Manchester city council has decided to extend its own measures for preventing women from being harassed when visiting abortion clinics due to delays in government legislation on buffer zones coming into effect.
The Public Order Act, which received royal assent in May, included an amendment which makes it a criminal offence across England and Wales to harass, obstruct or interfere with any woman attending an abortion clinic.
Protesters found guilty of breaching the buffer zones – which would extend 150 metres from the clinics – could be prosecuted and face a fine. Before the amendment passed earlier this year, local councils had taken their own measures to prevent the intimidation and harassment of women visiting abortion clinics.
In 2020 Manchester city council created the Wynnstay Grove Public Spaces Protection Order (PSPO), making the area surrounding the MSI Reproductive Choices Manchester Abortion Clinic a restricted area.
The council says the order was successful in preventing people from protesting outside the clinic, with “the aim of supporting pregnant women with access to lawful health services free from fear of intimidation, harassment, or distress and with an appropriate level of dignity and privacy”.
The lack of national legislation regarding buffer zones has left the matter up to the discretion of individual local authorities.
On Friday Manchester city council confirmed it had decided to renew the order, given “the lack of clarity about wider-reaching national legislation”, with the PSPO due to come into effect on Saturday.
The order was originally meant to last only three years but the council has extended it after delays in the Home Office implementing the Public Order Act.
The delays in the implementation of the legislation are causing increasing concern, given that the anti-choice campaign group 40 Days for Life is due to begin 10 days of protests across the world this month.
Stella Creasy, the Labour MP for Walthamstow, said: “There is no good reason for delaying the will of parliament. There is every reason to fear that in 10 days’ time women across the country will be subjected to a sustained organised and persistent attack on their right to privacy when accessing healthcare.
“It would take five minutes in parliament to enact these buffer zones. The government needs to urgently explain why they think it’s acceptable for women to be harassed at abortion clinics.”
Sarah Strutz, the senior clinical services matron at MSI UK who is based at the Manchester clinic, said before the protection order protesters would often try to give plastic foetuses to women visiting the clinic and would wear body-worn cameras, which would make women visiting the clinic fearful of their privacy.
Strutz said: “It’s hard to describe how amazing it is to have the buffer zone, and I’m really glad the Manchester zone has been renewed, but I just wish that was the case all over the country.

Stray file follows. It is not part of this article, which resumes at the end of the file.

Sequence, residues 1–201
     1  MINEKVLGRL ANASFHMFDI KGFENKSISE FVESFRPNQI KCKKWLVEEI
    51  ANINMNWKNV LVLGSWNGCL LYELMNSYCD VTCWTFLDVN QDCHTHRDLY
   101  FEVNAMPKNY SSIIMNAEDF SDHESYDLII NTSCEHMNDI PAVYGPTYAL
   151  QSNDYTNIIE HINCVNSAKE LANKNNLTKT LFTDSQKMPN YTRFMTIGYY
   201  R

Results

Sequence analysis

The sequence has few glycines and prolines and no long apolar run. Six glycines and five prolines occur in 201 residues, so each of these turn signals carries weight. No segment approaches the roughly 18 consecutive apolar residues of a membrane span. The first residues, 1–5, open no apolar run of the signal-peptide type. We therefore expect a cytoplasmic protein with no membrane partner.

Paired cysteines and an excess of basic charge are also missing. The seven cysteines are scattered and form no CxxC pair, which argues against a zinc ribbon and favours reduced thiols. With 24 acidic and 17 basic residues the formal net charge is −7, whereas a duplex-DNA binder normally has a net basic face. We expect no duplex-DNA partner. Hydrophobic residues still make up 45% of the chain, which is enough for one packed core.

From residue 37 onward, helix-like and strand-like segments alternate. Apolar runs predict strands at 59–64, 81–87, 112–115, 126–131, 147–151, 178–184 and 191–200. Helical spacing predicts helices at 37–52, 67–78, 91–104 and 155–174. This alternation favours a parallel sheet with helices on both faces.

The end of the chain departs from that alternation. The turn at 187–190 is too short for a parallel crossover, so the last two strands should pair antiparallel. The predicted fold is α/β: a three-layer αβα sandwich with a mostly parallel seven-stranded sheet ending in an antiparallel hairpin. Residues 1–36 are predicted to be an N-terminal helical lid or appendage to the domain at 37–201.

“The buffer zone means that clients can visit the clinic without the fear of being threatened or made to feel like they are doing something wrong.”
Louise McCudden, the UK head of external affairs at MSI Reproductive Choices, welcomed the news that Manchester council had renewed the local safe access zone surrounding the MSI centre.
McCudden said: “We have been advocating for these zones for a long time, however, the local authority should not have to do this. It’s a damning indictment of the Home Office that local authorities are having to dedicate time and resources to dealing with this issue when they are currently under huge pressure.
“Harassment outside abortion clinics is a national problem and it requires a national solution. Safe access zone legislation was introduced into national law in May, so why has it not been implemented? The right to get an abortion with privacy and dignity, free from harassment, alarm, or distress should not depend on where in the country you happen to live. Yet, without action to create safe access zones around every abortion clinic in the country, we are denying people this right.”
A spokesperson for Manchester city council said: “To date, the PSPO put in place in Fallowfield has been successful in its objectives and given the lack of clarity about wider reaching national legislation the decision was made to extend the PSPO.”
A Home Office spokesperson said: “It is completely unacceptable that anyone should feel harassed or intimidated. The police and local authorities have powers to restrict harmful protests and we expect them to take action in such cases.
“The government will confirm timelines for the commencement of safe access zones in due course.”